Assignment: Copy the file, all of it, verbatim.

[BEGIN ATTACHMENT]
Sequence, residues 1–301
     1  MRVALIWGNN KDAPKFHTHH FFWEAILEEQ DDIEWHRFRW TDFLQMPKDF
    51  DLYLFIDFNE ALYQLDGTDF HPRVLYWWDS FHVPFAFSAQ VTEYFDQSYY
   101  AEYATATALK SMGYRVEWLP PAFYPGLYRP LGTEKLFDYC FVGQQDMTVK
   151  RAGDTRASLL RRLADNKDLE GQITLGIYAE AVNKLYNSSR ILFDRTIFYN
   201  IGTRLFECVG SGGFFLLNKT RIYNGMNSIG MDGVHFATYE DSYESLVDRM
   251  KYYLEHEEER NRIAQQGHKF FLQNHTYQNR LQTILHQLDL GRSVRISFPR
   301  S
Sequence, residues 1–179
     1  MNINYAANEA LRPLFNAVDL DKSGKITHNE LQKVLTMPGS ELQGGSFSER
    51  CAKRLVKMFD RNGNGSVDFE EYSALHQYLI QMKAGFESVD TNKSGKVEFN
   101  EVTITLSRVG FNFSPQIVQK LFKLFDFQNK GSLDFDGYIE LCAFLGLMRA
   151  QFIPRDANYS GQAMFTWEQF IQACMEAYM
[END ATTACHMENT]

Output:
Sequence, residues 1–301
     1  MRVALIWGNN KDAPKFHTHH FFWEAILEEQ DDIEWHRFRW TDFLQMPKDF
    51  DLYLFIDFNE ALYQLDGTDF HPRVLYWWDS FHVPFAFSAQ VTEYFDQSYY
   101  AEYATATALK SMGYRVEWLP PAFYPGLYRP LGTEKLFDYC FVGQQDMTVK
   151  RAGDTRASLL RRLADNKDLE GQITLGIYAE AVNKLYNSSR ILFDRTIFYN
   201  IGTRLFECVG SGGFFLLNKT RIYNGMNSIG MDGVHFATYE DSYESLVDRM
   251  KYYLEHEEER NRIAQQGHKF FLQNHTYQNR LQTILHQLDL GRSVRISFPR
   301  S
Sequence, residues 1–179
     1  MNINYAANEA LRPLFNAVDL DKSGKITHNE LQKVLTMPGS ELQGGSFSER
    51  CAKRLVKMFD RNGNGSVDFE EYSALHQYLI QMKAGFESVD TNKSGKVEFN
   101  EVTITLSRVG FNFSPQIVQK LFKLFDFQNK GSLDFDGYIE LCAFLGLMRA
   151  QFIPRDANYS GQAMFTWEQF IQACMEAYM